(Phys.org) —Among the four fundamental forces of nature, only gravity has not had a basic unit, or quanta, detected. Physicists expect that gravitational force is transmitted by an elementary particle called a graviton, just as the electromagnetic force is carried by the photon.

While there are deep theoretical reasons why gravitons should exist, detecting them may be physically impossible on Earth.

For example, the conventional way of measuring gravitational forces – by bouncing light off a set of mirrors to measure tiny shifts in their separation – would be impossible in the case of gravitons. According to physicist Freeman Dyson, the sensitivity required to detect such a miniscule distance change caused by a graviton requires the mirrors to be so massive and heavy that they'd collapse and form a black hole.

Because of this, some have claimed that measuring a single graviton is hopeless. But what if you used the largest entity you know of – in this case the universe – to search for the telltale effects of gravitons. That is what two physicists are proposing.

In the paper, "Using cosmology to establish the quantization of gravity," published in *Physical Review D* (Feb. 20, 2014), Lawrence Krauss, a cosmologist at Arizona State University, and Frank Wilczek, a Nobel-prize winning physicist with MIT and ASU, have proposed that measuring minute changes in the cosmic background radiation of the universe could be a pathway of detecting the telltale effects of gravitons.

Krauss and Wilczek suggest that the existence of gravitons, and the quantum nature of gravity, could be proved through some yet-to-be-detected feature of the early universe.

"This may provide, if Freeman Dyson is correct about the fact that terrestrial detectors cannot detect gravitons, the only direct empirical verification of the existence of gravitons," Krauss said. "Moreover, what we find most remarkable is that the universe acts like a detector that is precisely the type that is impossible or impractical to build on Earth."

It is generally believed that in the first fraction of a second after the Big Bang, the universe underwent rapid and dramatic growth during a period called "inflation." If gravitons exist, they would be generated as "quantum fluctuations" during inflation.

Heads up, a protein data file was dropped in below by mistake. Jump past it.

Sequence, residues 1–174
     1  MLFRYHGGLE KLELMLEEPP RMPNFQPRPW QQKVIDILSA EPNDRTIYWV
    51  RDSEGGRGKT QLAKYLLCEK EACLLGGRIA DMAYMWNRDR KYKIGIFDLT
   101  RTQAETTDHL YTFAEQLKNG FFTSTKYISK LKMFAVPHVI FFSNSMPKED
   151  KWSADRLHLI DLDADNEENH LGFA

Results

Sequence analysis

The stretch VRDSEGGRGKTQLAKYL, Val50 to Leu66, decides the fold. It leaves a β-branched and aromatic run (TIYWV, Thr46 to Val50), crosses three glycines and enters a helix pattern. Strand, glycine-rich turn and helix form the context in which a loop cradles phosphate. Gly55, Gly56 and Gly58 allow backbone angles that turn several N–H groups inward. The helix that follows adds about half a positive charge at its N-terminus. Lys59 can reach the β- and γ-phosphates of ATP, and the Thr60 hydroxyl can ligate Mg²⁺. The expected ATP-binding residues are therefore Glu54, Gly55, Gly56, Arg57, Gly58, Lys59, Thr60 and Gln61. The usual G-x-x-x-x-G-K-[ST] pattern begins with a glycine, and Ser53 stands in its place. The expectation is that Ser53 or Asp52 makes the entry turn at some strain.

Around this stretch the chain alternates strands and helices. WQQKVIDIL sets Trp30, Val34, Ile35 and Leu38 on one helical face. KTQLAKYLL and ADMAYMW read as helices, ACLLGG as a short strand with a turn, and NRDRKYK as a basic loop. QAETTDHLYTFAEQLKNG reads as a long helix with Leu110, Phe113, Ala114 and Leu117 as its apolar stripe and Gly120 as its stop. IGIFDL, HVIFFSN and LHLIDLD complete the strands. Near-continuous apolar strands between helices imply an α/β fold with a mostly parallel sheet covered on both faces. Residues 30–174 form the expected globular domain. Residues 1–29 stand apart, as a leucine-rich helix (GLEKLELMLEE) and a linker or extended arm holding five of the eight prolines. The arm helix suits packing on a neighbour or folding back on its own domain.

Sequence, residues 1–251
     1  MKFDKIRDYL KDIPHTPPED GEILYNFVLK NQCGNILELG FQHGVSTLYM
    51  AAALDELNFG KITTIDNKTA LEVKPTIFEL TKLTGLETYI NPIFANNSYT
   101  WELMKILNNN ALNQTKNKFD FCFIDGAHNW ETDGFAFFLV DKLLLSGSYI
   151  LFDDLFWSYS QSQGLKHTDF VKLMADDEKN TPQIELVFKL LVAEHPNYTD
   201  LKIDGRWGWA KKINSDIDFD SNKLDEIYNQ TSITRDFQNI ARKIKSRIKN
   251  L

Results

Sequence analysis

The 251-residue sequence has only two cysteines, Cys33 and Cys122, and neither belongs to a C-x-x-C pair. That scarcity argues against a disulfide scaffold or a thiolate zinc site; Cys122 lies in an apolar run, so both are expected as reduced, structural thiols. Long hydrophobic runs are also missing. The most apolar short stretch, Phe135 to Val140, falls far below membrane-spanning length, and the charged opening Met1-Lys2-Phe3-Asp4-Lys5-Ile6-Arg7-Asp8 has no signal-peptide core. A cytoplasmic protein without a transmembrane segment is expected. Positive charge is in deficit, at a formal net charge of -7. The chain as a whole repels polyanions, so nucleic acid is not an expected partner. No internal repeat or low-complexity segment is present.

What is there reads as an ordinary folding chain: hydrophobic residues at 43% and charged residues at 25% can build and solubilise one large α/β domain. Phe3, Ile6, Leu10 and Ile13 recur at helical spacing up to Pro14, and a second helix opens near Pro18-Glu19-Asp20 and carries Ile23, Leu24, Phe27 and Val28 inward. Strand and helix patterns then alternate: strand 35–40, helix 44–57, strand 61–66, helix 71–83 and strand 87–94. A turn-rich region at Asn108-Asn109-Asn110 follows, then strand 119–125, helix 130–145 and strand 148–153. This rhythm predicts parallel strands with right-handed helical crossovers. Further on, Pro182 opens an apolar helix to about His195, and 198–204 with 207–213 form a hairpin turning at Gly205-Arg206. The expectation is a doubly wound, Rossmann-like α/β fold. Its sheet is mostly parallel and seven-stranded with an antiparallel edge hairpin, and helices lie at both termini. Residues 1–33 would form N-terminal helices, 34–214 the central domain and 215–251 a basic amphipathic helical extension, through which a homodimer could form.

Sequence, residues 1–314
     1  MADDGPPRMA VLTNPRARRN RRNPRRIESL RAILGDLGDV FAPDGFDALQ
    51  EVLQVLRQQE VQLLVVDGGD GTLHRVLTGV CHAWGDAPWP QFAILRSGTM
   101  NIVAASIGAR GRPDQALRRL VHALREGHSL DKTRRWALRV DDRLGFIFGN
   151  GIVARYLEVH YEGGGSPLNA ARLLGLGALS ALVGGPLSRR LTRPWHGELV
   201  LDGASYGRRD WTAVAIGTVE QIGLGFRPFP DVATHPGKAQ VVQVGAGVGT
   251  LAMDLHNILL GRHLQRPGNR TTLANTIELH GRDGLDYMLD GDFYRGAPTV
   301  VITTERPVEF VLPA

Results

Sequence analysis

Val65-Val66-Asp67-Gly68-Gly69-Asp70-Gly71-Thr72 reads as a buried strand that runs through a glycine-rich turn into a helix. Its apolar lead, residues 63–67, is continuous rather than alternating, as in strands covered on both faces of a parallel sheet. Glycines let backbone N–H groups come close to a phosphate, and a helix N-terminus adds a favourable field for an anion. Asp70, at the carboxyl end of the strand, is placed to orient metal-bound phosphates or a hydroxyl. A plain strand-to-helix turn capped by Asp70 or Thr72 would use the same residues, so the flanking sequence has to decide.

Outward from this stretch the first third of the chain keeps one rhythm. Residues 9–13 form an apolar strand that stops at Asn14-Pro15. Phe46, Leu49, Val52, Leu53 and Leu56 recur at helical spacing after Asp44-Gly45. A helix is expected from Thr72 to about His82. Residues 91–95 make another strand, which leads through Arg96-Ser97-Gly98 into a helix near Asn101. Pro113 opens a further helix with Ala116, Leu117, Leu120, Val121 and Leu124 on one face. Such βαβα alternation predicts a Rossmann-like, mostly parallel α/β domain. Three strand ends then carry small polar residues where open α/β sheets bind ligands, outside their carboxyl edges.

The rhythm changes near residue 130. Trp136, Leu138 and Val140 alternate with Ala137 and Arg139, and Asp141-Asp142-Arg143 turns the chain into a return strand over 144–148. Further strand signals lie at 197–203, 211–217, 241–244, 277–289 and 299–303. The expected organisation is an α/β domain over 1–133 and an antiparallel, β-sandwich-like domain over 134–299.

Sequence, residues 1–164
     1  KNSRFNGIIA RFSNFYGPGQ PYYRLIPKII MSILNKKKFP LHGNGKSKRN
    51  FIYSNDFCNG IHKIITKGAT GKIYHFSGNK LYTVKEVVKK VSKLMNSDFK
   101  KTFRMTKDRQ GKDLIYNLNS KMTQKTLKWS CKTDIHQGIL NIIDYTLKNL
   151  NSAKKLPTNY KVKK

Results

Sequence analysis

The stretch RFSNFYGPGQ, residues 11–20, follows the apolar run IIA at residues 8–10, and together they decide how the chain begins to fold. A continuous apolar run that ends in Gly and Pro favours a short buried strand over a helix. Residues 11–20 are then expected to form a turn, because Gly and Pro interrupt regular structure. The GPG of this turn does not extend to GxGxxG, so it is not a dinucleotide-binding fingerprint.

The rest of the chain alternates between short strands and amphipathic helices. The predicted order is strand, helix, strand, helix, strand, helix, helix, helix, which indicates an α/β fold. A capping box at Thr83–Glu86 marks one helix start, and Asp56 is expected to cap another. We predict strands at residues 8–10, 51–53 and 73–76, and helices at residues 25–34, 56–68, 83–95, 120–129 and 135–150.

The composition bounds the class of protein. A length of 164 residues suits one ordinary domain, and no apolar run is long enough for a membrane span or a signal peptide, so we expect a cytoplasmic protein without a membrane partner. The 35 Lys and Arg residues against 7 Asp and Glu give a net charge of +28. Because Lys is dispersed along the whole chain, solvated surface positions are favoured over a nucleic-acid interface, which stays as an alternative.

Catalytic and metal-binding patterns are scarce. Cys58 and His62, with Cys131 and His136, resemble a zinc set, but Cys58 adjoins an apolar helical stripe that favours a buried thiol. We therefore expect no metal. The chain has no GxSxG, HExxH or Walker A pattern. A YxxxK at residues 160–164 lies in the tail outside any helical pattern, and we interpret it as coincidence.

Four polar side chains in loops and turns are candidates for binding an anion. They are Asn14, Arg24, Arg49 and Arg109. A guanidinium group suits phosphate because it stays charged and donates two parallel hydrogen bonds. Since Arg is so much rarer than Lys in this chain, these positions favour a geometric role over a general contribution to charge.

Ultimately, these would evolve, as the universe expanded, into classically observable gravitational waves, which stretch space-time along one direction while contracting it along the other direction. This would affect how electromagnetic radiation in the cosmic microwave background (CMB) radiation left behind by the Big Bang is produced, causing it to become polarized. Researchers analyzing results from the European Space Agency's Planck satellite are searching for this "imprint" of inflation in the polarization of the CMB.

Krauss said his and Wilczek's paper combines what already is known with some new wrinkles.

"While the realization that gravitational waves are produced by inflation is not new, and the fact that we can calculate their intensity and that this background might be measured in future polarization measurements of the microwave background is not new, an explicit argument that such a measurement will provide, in principle, an unambiguous and direct confirmation that the gravitational field is quantized is new," he said. "Indeed, it is perhaps the only empirical verification of this very important assumption that we might get in the foreseeable future."

Using a standard analytical tool called dimensional analysis, Wilczek and Krauss show how the generation of gravitational waves during inflation is proportional to the square of Planck's constant, a numerical factor that only arises in quantum theory. That means that the gravitational process that results in the production of these waves is an inherently quantum-mechanical phenomenon.